Updating your system

Here you will learn on how to update your Snap4City distribution from one version to another one. Note that you may only update a MicroX generated with this tool; we cannot guarantee for any other scenario.

Step 1 - Download the tools

Click here to download the scripts which will aid you in updating your distribution.

Step 2 - Backup everything

It never hurts to do so, use the backing-up-volumes/backup.sh script to backup your docker volumes. You might want to make a separate dump of the database.

Step 3 - Use your token to regenerate your distribution

You will still need to provide values for variables which didn't exist at the time you first generated your distribution, be sure to check the values which have default values.

Step 4 - Unzip the updated new configuration on the host

Be sure that the directory which contains the configuration files shares the name with the old one; this should be true by default.

Step 5 - Stop the execution of the containers

Use docker-compose down to drop the containers; run this command in the old drectory. You might alternatively, if you have access to the docker GUI, stop them from the mentioned GUI.

Step 6 - Run the script which imports the old data from local volumes

Nifi, IoTapps and OpenSearch require data from your current installation; running fix-files/adjust_for_updates.sh will import said data. Before running the script, you must edit the paths (source and destination).

Step 7 - Copy paste the old folder into the new one, without pasting files which already exist

This will fix the rest of the configuration files.

Step 8 - Start the old database container

We need some of the old data.

Step 9 - Update the database schema

The script updating/update_db.py detects the current version of the db and trasforms its schema in order to be up to date in regard to the S4C version to which you are updating. You'll need to open the script and set your database credentials.

Step 10 - Dump the tables which need to be preserved

The script updating/dump_db.py does this automatically. You'll need to open the script and set your database credentials.

Step 11 - Stop the old database container, delete its volume, then run the new database container

Do not skip the second operation, or else the new container will try to use the old volume. Due to step 2, you will be able to restore your data if the need arises.

Step 12 - Import the dump from step 10

Either use the script updating/load_db.py or use tools like MySQL Workbench. You'll need to open the script and set your database credentials.

Step 13 - Start the containers with docker-compose up -d

The database is already running and requires no further operations.

Step 14 - Run the post-setup.sh script in the new distribution

This will fix some details in the kb.

Step 15 - Log in all of your IoT-Apps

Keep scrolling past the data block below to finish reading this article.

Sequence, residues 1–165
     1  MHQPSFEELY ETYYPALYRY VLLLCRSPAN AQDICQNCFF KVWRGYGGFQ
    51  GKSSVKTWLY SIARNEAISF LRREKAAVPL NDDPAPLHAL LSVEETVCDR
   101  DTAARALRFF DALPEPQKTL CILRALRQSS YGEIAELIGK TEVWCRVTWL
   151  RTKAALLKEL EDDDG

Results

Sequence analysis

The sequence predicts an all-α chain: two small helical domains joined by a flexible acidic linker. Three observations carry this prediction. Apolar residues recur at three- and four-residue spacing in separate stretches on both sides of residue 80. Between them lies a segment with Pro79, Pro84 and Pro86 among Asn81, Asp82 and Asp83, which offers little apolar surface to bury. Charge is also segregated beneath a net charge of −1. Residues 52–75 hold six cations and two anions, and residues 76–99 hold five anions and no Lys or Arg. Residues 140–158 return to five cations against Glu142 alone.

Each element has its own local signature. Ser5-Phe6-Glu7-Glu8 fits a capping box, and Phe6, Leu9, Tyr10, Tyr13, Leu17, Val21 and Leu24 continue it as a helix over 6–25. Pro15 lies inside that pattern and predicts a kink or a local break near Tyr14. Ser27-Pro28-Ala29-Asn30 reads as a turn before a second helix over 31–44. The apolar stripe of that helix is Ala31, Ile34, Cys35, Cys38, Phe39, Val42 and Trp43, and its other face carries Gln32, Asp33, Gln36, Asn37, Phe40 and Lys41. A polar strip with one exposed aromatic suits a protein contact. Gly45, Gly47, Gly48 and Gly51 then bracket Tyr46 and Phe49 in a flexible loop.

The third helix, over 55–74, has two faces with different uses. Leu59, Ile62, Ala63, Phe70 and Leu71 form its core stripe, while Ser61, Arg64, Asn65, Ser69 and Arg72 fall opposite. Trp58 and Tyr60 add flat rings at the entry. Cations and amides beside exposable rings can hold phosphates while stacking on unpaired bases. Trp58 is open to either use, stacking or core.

This is required to regenerate the refresh token for authentication purposes

Restoring volumes in case of downgrade to the original version

If you want to return to the original version, you should try the following the instructions which explain different scenarios. Note that multiple might apply, depending on your situation.

Case 1 - No volume was lost or edited, no files were deleted

This happens if you proceeded to the upgrade without following the steps 9-12 from above. You don't need to do anything as all the data is where you left it.

Case 2 - No volume except for the database was lost or edited, no configuration files were deleted

All you need to do is to drop the volume of the database then restore the dump taken during step 2. Should you not have said dump but have the volume saved to a file from step 2, refer to Restore a volume.

Case 3 - Any number of volumes were lost, but said volumes saved to files are avaiable

Refer to Restore a volume to restore a container. You might need to iterate the process for multiple containers.

Case 4 - Some files were lost, volumes backup are not available

Some of the files might need simply regenerated by using your token to regenerate a configuration. Files which are generated during setup will need to be regenerated if missing, resulting possibly in inconsistencies due to keys generation; you might need to call for specific support. Files which are generated locally on your host cannot be restored short of restoring a periodic backup or restoring a deleted file. The latter is a process which can lead to an irrecuperable losses.

Restore a volume

Restore a volume from a file

If you have a volume saved to a file genereated from step 2, you will need to run backing-up-volumes/restore.sh to recreate it (All volumes in the path where the script is executed are restored). The volume will have the name of the file. Be sure not to restore a volume on a preexisting volume to avoid inconsinstencies (but you can run the same script multiple times if nothing else edits the volumes).

Use an existing volume in a container which didn't generate it

If you need to use an existing volume in a container, for example because it is already populated by data (assuming there are no issues reading such a volume), you will need to edit the docker-compose.yaml file.
  1. Go at the bottom of the file, on the section volumes
  2. For each volume which you need to have already existing, add a value external set to true
  3. On the same level and volume, add a value name set to the name of your container
Here is an example:
    external: true
    name: some_name
Note that telling docker that the container is external will skip the creation of the volume, meaning that a container won't start unless the volume already exists.